Cybersecurity Maturity Model Certification
CMMC Consulting Services
We’re experienced cybersecurity strategists and follow an approach founded in our industry experiences from both commercial and military sectors. We blend best practices from Big 4 audit & consulting and DoD information assurance programs. We understand what it takes to secure compliance, build a resilient cyber program while enabling productivity and success of the business. Our approach works for enterprises, mid-market, and small business. We’re here to give you confidence that your approach to cyber security thrives.
Our CMMC consulting & readiness approach:
Assess the organization against the CMMC level outlined
Identify the gaps to meet and areas of risk to address
Outline and create a roadmap to meet CMMC level
Develop the SSP and recommend implementations, technologies, & people needed
Support the organization through the CMMC audit process and eventual certification
The CMMC encompasses multiple maturity levels that range from “Basic Cybersecurity Hygiene” to “Advanced”. The intent is to identify the required CMMC level in RFP sections L and M and use it as a “go / no go decision.”
The CMMC model combines various cybersecurity control standards such as NIST SP 800-171 Rev. 1, NIST SP 800-172, NIST SP 800-53, ISO 27001, ISO 27032, AIA NAS9933 and others into one unified standard for cybersecurity. In addition to cybersecurity control standards, the CMMC also measure the maturity of a company’s institutionalization of cybersecurity practices and processes.
The CMMC combines various cybersecurity standards and best practices and map these controls and processes across several maturity levels that range from basic cyber hygiene to advanced.
What we know about the CMMC levels and their respective requirements to pass their audit:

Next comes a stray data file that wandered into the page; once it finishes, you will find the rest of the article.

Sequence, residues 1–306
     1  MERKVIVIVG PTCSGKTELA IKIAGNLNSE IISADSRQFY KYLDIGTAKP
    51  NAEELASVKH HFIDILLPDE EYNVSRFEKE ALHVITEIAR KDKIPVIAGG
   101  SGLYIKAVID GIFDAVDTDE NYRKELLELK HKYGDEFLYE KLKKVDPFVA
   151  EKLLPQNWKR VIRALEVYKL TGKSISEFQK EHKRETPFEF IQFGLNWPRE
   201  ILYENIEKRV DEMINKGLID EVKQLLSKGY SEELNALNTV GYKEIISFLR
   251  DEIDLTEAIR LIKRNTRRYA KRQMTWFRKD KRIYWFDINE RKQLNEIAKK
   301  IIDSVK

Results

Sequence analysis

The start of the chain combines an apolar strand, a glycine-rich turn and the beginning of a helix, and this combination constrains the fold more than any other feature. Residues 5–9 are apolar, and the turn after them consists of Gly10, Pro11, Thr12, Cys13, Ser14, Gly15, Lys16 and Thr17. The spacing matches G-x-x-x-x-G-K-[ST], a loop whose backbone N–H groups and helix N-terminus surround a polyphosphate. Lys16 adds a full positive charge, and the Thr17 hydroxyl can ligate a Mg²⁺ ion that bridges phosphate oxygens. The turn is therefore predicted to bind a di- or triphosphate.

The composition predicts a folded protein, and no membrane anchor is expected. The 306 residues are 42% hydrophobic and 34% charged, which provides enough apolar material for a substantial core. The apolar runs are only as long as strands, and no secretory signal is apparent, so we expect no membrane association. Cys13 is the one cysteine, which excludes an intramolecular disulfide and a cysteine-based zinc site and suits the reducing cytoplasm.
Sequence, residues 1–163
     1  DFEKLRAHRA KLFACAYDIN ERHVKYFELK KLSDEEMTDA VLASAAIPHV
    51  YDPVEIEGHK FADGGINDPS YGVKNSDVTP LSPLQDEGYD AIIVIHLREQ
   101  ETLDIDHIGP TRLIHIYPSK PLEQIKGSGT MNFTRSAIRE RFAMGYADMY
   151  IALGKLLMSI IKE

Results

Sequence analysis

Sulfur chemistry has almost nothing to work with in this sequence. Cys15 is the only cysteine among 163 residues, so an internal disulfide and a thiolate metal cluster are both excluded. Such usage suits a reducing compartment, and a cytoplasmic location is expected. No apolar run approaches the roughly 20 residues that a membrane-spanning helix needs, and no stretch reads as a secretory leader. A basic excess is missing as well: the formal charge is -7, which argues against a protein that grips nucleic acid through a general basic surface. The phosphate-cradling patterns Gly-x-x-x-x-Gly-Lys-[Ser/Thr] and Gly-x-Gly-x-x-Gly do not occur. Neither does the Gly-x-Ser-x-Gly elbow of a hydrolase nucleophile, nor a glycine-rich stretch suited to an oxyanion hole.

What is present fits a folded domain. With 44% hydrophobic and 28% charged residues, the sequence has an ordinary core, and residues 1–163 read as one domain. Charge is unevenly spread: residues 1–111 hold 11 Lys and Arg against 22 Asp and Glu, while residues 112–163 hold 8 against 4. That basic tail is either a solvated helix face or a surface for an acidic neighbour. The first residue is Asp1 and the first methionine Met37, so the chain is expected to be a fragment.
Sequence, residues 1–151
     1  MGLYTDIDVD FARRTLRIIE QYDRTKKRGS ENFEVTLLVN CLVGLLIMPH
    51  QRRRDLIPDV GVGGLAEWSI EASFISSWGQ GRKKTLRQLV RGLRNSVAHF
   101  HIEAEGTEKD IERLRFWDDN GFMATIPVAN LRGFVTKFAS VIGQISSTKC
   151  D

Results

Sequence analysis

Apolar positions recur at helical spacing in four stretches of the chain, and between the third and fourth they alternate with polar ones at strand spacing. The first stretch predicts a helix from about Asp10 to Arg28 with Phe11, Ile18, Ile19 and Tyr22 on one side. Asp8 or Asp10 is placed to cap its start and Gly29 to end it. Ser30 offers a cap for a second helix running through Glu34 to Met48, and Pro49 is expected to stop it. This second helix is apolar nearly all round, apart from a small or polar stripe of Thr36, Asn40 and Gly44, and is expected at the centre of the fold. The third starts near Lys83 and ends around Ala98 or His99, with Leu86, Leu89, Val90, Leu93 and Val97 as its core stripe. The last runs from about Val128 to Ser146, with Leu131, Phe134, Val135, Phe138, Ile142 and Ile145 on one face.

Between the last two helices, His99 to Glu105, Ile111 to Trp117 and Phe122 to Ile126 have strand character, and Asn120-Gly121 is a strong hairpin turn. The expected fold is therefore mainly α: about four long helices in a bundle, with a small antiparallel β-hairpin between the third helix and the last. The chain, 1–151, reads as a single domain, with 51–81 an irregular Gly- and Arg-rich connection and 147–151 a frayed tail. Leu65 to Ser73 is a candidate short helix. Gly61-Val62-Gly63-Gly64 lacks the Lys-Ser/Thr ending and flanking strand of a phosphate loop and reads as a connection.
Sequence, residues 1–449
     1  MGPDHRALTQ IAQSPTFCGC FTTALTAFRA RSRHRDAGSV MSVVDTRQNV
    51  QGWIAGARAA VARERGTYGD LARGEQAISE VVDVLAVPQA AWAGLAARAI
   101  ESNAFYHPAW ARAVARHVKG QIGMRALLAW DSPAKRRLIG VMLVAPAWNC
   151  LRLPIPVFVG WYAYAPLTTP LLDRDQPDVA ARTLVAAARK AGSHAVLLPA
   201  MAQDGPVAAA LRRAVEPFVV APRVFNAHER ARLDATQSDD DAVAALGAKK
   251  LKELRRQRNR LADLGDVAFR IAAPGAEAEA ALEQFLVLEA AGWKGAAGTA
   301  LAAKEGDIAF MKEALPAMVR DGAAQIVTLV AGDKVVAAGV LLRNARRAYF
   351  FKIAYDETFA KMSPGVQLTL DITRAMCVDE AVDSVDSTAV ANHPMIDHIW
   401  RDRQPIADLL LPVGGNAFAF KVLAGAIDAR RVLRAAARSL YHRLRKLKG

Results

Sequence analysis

Level 1 – “Basic Cyber Hygiene” – The DoD contractor will need to implement 17 controls of NIST 800-171 rev1.
Level 2 – “Intermediate Cyber Hygiene” – The DoD contractor will need to implement another 48 controls of NIST 800-171 rev1 plus 7 new “Other” controls.
Level 3 – “Good Cyber Hygiene” – The DoD contractor will need to implement the final 45 controls of NIST 800-171 rev1 plus 13 new “Other” controls.
Level 4 – “Proactive” – The DoD contractor will need to implement 11 controls of NIST 800-172 plus 15 new “Other” controls
Level 5 – “Advanced / Progressive” – The DoD contractor will need to implement the final 4 controls in NIST 800-172 plus 11 new “Other” controls
CMMC Assessment Guidance
An organization must demonstrate both the requisite maturity processes and the implementation of practices for a specific CMMC level and the preceding lower levels in order to achieve that level. For example, in order for an organization to be certified at Level 3, the organization must achieve all processes and practices at Levels 1, 2, and 3. For the case where an organization demonstrates different achievements with respect to maturity process and practice implementation, the organization will be certified at the level corresponding to the lower of the two.
The assessment guidance is structured by the 17 CMMC domains. For each CMMC process and practice, there is a defined assessment procedure. The CMMC assessment guide leverages the structure and content created in NIST SP 800-171A and defined there: